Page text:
United States v. Grant ( 2010 )

  •                                                                             FILED
                                                                    United States Court of Appeals
                                                                            Tenth Circuit
                                                                            April 28, 2010
                             UNITED STATES COURT OF APPEALSElisabeth A. Shumaker
                                                                             Clerk of Court
                                        TENTH CIRCUIT
     v.                                                           No. 09-6232
     MARCUS DEWAYNE GRANT,                              (D.C. No. 5:05-CR-00159-R-1)
                                                                (W. D. Okla.)
                                     ORDER AND JUDGMENT*
    Before TACHA, BRISCOE, and O’BRIEN, Circuit Judges.
           After examining the briefs and appellate record, this panel has determined
    unanimously to honor the parties’ request for a decision on the briefs without oral
    argument. See Fed. R. App. P. 34(f); 10th Cir. R. 34.1(G). The case is, therefore,
    submitted without oral argument.
           Defendant Marcus Grant appeals from the district court’s denial of his motion for
    reduction of sentence pursuant to 18 U.S.C. § 3582(c)(2). Exercising jurisdiction
            This order and judgment is not binding precedent, except under the doctrines of
    law of the case, res judicata, and collateral estoppel. It may be cited, however, for its
    persuasive value consistent with Fed. R. App. P. 32.1 and 10th Cir. R. 32.1.
    pursuant to 28 U.S.C. § 1291, we affirm.
           On September 6, 2005, a federal grand jury indicted Grant on two counts of
    knowingly and intentionally distributing crack cocaine, in violation of 21 U.S.C. §
    841(a)(1). On October 6, 2005, Grant entered a plea of guilty to Count 1 of the
    indictment, which charged him with distributing 21.3 grams of crack cocaine on April 4,
    2005. A presentence investigation report (PSR) was prepared by the probation office and
    provided to the district court and parties on December 9, 2005. The Sentencing Guideline
    calculations contained in the PSR included a total offense level of 27, a criminal history
    category of III, and an advisory guideline range of 87 to 108 months’ imprisonment.
    Neither Grant nor the government filed any objections to the PSR. On January 12, 2006,
    the district court sentenced Grant to a term of imprisonment of 144 months.
           Grant appealed his sentence to this court, arguing that the district court imposed a
    sentence above the advisory guideline range without first giving him notice of its intent to
    do so. While the appeal was pending, the parties filed a joint motion for remand for
    resentencing, noting that in United States v. Dozier, 
    444 F.3d 1215
     (10th Cir. 2006), this
    court held “that Rule 32(h) . . . requires a [district] court to notify both parties of any
    intention to depart from the advisory sentencing guidelines as well as the basis for such a
    departure when the ground is not identified in the presentence report or in a party’s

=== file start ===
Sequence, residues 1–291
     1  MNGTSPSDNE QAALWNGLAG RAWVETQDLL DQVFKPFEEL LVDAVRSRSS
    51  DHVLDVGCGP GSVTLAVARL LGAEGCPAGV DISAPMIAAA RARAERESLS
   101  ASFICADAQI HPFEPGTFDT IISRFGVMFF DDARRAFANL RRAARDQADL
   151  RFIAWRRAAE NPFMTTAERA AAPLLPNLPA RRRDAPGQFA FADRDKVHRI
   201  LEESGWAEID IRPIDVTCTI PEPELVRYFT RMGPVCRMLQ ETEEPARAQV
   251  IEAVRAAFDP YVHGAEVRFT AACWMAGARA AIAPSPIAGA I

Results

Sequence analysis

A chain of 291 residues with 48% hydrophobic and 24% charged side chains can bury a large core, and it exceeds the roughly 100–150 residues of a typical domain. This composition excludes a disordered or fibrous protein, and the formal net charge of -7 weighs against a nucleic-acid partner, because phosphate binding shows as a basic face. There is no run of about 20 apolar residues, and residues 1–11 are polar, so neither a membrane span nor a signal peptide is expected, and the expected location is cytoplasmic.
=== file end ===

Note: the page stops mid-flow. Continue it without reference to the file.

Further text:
prehearing submission.” Id. at 1218. On August 21, 2006, this court granted the parties’
    joint motion and remanded the case to the district court for resentencing. On September
    27, 2006, the district court resentenced Grant to 108 months’ imprisonment, a term at the
    top of the advisory guideline range.
           On October 8, 2009, the parties filed a joint motion for reduction of sentence
    pursuant to 18 U.S.C. § 3582(c). In that motion, the parties stated they “agree[d]
    Amendment 706 to the United States [S]entencing [G]uidelines,” which modified the
    Drug Quantity Table in U.S.S.G. § 2D1.1(c) downward two levels for crack cocaine
    offenses, “[wa]s applicable to th[e] case and authorize[d] the Court to consider a
    reduction of [Grant]’s sentence.” ROA, Vol. 1 at 43-44. Attached to the parties’ motion
    was a preliminary report prepared by the probation office regarding the possibility of a
    sentence reduction for Grant. In that report, the probation office concluded that Grant
    was eligible, at the district court’s discretion, for a two-level decrease in his base offense
    level, and that such a decrease would in turn result in an advisory guideline range of 70 to
    87 months’ imprisonment. Id. at 47.
           On October 14, 2009, the district court issued an order denying the motion for
    reduction of sentence. The order stated, in pertinent part:
           After considering the motion as well as the sentencing factors set out in 18
           U.S.C. § 3553, the Court declines to reduce the Defendant’s sentence.
           Defendant’s pre-sentence report reveals an extensive criminal history
           including violence not taken into consideration by the sentencing
           guidelines. His history includes repeated instances of drug violations as
           well as possession of weapons. The Court finds that the sentence
           previously imposed is sufficient but not greater than necessary to protect the
           public from further crimes of the defendant.
    Id. at 49.
           Grant now appeals the district court’s denial of the motion for reduction of
    sentence. We review for abuse of discretion a district court’s decision to deny a motion
    for reduction of sentence pursuant to 18 U.S.C. § 3582(c)(2). United States v. Sharkey,
    543 F.3d 1236
    , 1238 (10th Cir. 2008). Although Amendment 706 applied to Grant’s case
    and would have permitted the district court to exercise its discretion under § 3582(c)(2) to